Barclays Profit Drops, Capital Remains Strong (MarketWatch)
The bank said pretax profit was down 76% at 327 million pounds ($527 million) after it booked a £947 million charge in its Barclays Capital investment-banking arm on the changing value of its own debt. Excluding that charge and a smaller charge a year earlier, Barclays said pretax profit dropped 28% to £1.27 billion. Chief Executive John Varley also moved to reassure investors about the bank’s capital position, saying Barclays is “well equipped to deal with regulatory changes” as the new capital rules known as Basel III are phased in.
Morgan Stanley Topped $100 Million On One Day Trading In Quarter (Bloomberg)
That represents lowest number of $100 million days since 2006. MS made more than $100 million in trading revenue on 18 days in last year’s third quarter. The firm’s trading division lost money on 10 days during the quarter, compared with five days a year earlier, according to a filing yesterday with the U.S. Securities and Exchange Commission.
Fed Action Gets an Unexpected Endorsement From India (NYT)
“A strong, robust, fast-growing United States is in the interests of the world,” said Prime Minister Manmohan Singh. “And therefore, anything that would stimulate the underlying growth and policies of entrepreneurship in the United States would help the cause of global prosperity.”
Papaconstantinou Says EU Budget Cuts May `Choke Off Growth' (Bloomberg)
“I am not one of those who thinks all the European countries should press on the brakes and do deficit reduction in the way that would choke off growth,” Papaconstantinou said at an event in London late yesterday. “There is a story to be told, whereby some countries have to do serious deficit belt- tightening, others less so...I worry very much if we simply all get into a situation where we are forced by markets to reduce our deficits,” it may “lead to a double-dip recession,” he said.
Junk-Bond Sellers Find Risk Too High (WSJ)
Mr. Makhija is among a growing number of hedge funds and other professional investors that are getting out of junk bonds and buying assets like mortgage debt and stocks instead. As they exit, mom-and-pop investors are flooding in, along with mutual funds that are usually dedicated to other investments, like stocks and government debt. All are lured by the outsize returns delivered by the junk-bond market over the past 18 months amid tepid gains in stocks and rock-bottom yields on Treasurys.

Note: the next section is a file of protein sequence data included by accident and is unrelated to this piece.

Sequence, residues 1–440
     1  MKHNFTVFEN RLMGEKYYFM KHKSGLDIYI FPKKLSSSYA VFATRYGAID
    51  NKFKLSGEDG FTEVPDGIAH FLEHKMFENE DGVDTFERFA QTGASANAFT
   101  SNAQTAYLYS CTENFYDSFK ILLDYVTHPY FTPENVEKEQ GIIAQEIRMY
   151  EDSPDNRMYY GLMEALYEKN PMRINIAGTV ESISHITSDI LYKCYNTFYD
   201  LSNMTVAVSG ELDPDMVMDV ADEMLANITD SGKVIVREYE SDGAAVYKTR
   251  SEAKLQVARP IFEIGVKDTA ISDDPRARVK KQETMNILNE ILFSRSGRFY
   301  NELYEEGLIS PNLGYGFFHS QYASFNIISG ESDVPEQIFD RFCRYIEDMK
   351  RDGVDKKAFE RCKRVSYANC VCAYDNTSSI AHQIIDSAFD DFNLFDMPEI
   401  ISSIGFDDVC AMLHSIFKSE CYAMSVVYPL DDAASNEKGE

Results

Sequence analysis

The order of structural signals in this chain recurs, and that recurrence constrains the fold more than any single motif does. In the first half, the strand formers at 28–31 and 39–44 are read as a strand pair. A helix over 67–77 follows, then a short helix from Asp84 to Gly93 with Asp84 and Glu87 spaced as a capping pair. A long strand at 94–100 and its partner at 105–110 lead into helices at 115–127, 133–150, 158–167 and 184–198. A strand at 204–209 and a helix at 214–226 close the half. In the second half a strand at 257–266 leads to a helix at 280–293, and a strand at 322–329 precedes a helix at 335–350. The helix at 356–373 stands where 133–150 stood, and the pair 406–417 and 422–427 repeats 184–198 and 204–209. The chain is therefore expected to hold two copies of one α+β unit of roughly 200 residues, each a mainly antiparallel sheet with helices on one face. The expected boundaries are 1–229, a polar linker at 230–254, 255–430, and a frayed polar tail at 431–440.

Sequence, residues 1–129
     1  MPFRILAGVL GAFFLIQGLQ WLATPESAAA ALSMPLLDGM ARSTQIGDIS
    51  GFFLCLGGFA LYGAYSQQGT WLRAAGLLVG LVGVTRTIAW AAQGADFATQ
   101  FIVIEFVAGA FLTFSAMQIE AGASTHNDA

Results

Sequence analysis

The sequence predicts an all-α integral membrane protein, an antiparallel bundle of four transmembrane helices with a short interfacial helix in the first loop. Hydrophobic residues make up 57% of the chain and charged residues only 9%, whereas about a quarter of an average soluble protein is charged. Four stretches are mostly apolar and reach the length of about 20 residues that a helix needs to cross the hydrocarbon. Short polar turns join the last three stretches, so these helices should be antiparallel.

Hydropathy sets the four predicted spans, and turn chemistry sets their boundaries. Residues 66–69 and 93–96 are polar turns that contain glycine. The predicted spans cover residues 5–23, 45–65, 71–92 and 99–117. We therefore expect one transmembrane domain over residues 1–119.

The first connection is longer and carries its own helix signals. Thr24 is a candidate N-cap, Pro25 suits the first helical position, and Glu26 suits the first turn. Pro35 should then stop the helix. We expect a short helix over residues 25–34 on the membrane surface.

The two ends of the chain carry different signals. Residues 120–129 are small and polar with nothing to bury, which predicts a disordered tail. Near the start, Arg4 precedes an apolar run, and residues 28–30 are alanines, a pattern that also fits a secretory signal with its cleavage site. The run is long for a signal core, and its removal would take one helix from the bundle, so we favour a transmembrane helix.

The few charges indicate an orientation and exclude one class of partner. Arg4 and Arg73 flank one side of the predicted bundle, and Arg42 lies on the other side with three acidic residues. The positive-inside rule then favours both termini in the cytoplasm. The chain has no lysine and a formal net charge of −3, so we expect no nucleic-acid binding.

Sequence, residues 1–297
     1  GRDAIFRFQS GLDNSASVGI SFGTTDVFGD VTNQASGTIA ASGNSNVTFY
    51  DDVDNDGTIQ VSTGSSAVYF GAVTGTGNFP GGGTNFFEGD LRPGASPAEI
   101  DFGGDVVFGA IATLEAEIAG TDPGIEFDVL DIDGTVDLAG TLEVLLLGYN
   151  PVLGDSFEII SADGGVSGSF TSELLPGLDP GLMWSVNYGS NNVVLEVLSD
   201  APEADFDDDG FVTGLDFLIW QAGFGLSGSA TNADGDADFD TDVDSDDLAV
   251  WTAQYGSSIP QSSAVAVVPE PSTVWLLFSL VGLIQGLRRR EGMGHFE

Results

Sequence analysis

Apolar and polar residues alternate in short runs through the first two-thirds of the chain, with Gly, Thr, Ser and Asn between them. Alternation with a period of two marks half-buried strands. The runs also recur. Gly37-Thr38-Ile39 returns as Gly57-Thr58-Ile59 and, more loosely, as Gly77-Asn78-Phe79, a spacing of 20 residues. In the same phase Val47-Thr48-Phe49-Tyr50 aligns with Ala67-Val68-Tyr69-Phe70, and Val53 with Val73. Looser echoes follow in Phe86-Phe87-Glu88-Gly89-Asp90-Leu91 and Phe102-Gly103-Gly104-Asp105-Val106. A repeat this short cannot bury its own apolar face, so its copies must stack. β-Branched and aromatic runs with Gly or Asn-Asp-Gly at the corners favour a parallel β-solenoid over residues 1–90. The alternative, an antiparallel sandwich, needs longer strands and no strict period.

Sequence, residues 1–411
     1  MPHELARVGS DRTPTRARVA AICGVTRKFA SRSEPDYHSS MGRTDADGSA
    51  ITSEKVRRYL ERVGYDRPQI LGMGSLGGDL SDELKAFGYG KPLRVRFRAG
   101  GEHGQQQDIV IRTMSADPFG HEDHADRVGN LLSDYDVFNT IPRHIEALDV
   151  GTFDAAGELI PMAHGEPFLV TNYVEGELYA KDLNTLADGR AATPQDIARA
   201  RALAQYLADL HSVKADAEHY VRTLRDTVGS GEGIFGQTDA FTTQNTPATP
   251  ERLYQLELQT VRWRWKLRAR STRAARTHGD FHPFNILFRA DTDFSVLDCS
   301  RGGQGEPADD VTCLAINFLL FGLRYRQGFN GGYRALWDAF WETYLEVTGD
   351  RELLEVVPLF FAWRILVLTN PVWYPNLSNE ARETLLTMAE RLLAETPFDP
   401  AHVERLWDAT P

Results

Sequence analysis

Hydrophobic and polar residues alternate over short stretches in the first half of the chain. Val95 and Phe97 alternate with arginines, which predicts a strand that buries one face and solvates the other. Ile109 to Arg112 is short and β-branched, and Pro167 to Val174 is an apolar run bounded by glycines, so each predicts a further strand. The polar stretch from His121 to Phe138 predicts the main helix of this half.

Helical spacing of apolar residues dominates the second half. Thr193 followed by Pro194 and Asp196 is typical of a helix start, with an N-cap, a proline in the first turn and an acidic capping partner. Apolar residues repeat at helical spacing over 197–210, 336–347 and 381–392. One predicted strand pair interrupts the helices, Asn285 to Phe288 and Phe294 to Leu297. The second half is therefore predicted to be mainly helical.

BP May Pay Billions for `Missed Signals' That Led to Disaster (Bloomberg)
“BP has a broader corporate culture that does put profits ahead of safety, and that message permeates throughout the company and down through the rank and file,” Uhlmann said in a telephone interview. “BP will still have to pay tens of billions of dollars in natural resources damages and compensation to victims for economic losses.”
Kanye West Performs During Delta Flight (Billboard)
"He was like, 'Yo, this your n***a, Kanye,'" a passenger said. "Then he couldn't decide if he wanted to do 'Good Life' or 'Gold Digger,' so he was like, 'I'll just do a little bit of both.' It was awesome… but I still have no idea how he got into the cockpit."
Doctor In Insider Case Worked For Guidepoint Global (WSJ)
According to compliance policies on its website and interviews with health-care experts who consult for the New York firm, Guidepoint has strict rules forbidding its consultants from disclosing confidential information learned while advising clinical trials. So what Yves Benhamou did for Frontpoint would in fact be frowned on.
The Return Of The Risk Arbs (Dealbook)
Heidi Moore: So far this year, there has been a noticeable boom: nearly 40 banks and financial companies have started or expanded teams to advise hedge funds, according to an analyst at a major firm.
How A Fraud's Value Affects Prison Time (WSJ)
The dispute is part of a growing debate over whether the sentencing system for white-collar crimes has come to rely too heavily on calculations of financial losses to fraud victims. Under the sentencing guidelines, legal experts say, an executive of a large public company convicted of a crime like securities fraud could be sentenced to life imprisonment on a first offense.
PIMCO's El-Erian: Fed’s Move Is ‘Not Enough’ (Dealbook)
Mohamed El-Erian, Pimco’s chief executive, said in an interview with Dealbook that the Federal Reserve’s decision to buy up to $600 billion in government bonds does not go far enough. The plan...could reduce the risk of deflation and a double-dip recession, but will fail to overcome an “unusual” period of low growth and stubbornly high unemployment that may linger for years.